6 The Grove
March 15 1875.
May I venture to ask your help in Endeavouring to test a hypothesis wh: suggested itself to me while studying the inscription of Samas Rinmon in the 1t Vol. of “Records of the Past”? <1> The expression occurs p.16, line 56 “bulls wh: have two humps”; the note says “i.e. Camels.” It seems strange that the Assyrians, well acquainted with both species of Camel, should call either by the name of “bulls;” & the question rose in my mind, Could the words refer to a two humped breed of cattle then existing in those parts? If so it would be zoologically a very interesting fact, wh: I, as a Fellow of the Zool: Soc: should be glad to ascertain if possible.
Mr Sayce, <2> the translator of this inscription, has very kindly answered one or two question, giving me the Assyrian word (“parrate”) used in this place, and wh: he says in fem. plur. of a word wh: means “heifer. calf, bull &c.” In another inscription in Vol. 3, where the same word occurs he has twice rendered it “camels” in the text.
As unfortunately I am entirely unacquainted with the Assyrian language I am compelled to tax the kindness of more learned men to give me information, and I should feel Greatly obliged if you would be so good as to instruct me on two or three points of unusual nomenclature occurring in inscriptions translated by you in the “Records.” By comparing words I may at last come to a fair probability as to the meaning of these “two humped bulls.”
In Vol. 1.p.26 – Inscription lines 17, 18, of Sennacherib’s First Inscription. the word “camels” occurs; also on p. 38, Ins: line 18; & in some other places in Vol. 3, in the Esarhaddon Inscription.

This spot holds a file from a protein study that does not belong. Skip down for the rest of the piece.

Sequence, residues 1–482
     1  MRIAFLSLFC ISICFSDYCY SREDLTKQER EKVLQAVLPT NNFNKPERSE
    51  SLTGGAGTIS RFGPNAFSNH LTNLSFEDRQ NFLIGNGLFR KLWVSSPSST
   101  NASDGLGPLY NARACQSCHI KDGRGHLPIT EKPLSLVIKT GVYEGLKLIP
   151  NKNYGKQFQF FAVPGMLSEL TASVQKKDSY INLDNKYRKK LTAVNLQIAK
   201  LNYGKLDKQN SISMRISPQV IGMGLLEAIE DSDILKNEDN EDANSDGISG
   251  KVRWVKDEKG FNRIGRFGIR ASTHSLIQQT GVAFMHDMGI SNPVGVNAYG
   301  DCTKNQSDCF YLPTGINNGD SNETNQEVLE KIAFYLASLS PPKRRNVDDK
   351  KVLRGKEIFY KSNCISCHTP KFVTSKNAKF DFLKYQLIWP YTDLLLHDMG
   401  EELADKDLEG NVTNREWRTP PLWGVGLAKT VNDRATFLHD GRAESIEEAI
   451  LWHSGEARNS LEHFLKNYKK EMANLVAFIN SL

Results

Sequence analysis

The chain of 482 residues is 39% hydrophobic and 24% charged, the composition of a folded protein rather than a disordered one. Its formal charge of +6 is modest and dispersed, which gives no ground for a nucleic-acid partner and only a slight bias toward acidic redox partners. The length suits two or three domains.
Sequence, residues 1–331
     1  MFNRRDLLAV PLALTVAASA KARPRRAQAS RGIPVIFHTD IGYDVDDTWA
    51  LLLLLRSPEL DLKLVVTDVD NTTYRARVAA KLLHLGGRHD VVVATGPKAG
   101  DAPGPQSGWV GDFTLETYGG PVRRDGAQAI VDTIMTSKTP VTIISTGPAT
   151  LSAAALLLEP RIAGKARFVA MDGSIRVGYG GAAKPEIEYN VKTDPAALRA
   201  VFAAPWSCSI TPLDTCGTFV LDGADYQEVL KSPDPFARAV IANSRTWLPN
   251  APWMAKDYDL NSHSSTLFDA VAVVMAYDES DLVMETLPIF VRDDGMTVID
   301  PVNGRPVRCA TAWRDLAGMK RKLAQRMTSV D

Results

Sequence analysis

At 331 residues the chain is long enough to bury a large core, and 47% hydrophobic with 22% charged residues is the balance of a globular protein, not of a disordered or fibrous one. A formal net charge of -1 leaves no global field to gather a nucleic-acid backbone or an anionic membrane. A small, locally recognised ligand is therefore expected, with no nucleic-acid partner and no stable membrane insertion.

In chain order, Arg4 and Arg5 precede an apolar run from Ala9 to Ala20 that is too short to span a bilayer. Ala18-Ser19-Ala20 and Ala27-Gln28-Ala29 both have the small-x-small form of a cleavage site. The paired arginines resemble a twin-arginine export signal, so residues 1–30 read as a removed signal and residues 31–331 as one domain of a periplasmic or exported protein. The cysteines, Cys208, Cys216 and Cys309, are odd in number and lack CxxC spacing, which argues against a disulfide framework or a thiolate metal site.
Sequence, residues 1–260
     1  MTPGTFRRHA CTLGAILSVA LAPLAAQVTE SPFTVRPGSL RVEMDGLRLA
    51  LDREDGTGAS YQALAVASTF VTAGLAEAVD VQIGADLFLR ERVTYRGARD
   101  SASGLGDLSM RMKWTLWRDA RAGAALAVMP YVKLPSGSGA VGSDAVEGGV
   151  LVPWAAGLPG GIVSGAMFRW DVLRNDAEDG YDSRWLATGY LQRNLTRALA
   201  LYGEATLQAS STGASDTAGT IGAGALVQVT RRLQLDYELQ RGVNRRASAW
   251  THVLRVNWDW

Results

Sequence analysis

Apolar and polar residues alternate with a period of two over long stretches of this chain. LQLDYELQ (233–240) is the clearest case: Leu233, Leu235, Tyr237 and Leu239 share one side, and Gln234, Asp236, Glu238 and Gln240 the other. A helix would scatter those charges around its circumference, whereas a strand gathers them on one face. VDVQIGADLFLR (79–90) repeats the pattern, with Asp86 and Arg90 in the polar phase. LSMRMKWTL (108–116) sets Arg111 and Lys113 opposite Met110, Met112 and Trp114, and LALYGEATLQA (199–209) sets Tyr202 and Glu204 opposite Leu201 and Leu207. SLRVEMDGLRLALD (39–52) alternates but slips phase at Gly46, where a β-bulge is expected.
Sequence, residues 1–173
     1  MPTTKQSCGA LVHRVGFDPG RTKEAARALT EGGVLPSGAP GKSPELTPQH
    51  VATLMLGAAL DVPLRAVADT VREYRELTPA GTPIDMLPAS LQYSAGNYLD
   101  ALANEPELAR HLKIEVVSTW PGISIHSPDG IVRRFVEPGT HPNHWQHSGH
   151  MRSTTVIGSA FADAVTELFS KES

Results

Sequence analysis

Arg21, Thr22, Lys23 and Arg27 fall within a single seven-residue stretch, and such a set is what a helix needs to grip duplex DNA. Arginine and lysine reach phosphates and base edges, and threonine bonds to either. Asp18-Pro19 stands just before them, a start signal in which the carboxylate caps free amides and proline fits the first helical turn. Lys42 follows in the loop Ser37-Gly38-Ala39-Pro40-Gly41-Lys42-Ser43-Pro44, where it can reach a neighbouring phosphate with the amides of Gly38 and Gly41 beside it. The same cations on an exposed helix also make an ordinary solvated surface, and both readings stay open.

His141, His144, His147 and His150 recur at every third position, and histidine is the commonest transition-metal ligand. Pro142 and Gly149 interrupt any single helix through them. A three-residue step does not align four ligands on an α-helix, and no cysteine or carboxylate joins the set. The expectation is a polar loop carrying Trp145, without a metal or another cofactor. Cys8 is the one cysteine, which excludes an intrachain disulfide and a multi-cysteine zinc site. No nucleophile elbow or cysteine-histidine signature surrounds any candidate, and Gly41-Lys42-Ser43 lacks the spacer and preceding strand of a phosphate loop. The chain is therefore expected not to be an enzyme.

I should much like to know what the Assyrian word for “camels” is in these places: and especially in the Esarhaddon I. (p.188.l.17) what is the word or words for “Bactrian Camels,” & its literal signification if it be idiomatic. If the “2 humped bulls” are camels, they must be the Bactrian Camel of course.
If the Assyrian word for “Camel” is distinct from that for “bull”, it wd afford a presumption that the “2 humped bulls” were not camels.
Also “Bulls” are mentioned in the Esar. I. p.121, l.41; p.123, l.53 in the Sennach. Ins. Vol I. p.41, l.74, p.52 l.52. May I ask what is the word for “bulls” in these places?
It may be useful for comparison to know the ordinary word for “oxen” & “cattle” wh: constantly occur, and for “buffaloes” (though I see this is a doubtful rendering) Sennach. p.39 ll.36, 37.
I am almost ashamed to trouble you about a matter which is but incidentally connected with your labours, but I hope you will excuse it on the Ground that one science has great need of the help of others: & I may also please for myself that having recently become a member of the Socy of Bibl Archæology, I am studying our Transactions & these “Records” with keen interest.
Believe me, dear Sir Yours very faithfully
John Walter Lea
Mr J. Walter Lea. B.A. Oxon
F.G.S. F.Z.S. &c
W. Henry Fox Talbot Esq. D.C.L. F.R.S. &c
1. Records of the Past being English Translations of the Assyrian and Egyptian Monuments (London: Samuel Bagster & Sons).
2. Archibald Henry Sayce (1845–1933), Egyptologist & Orientalist.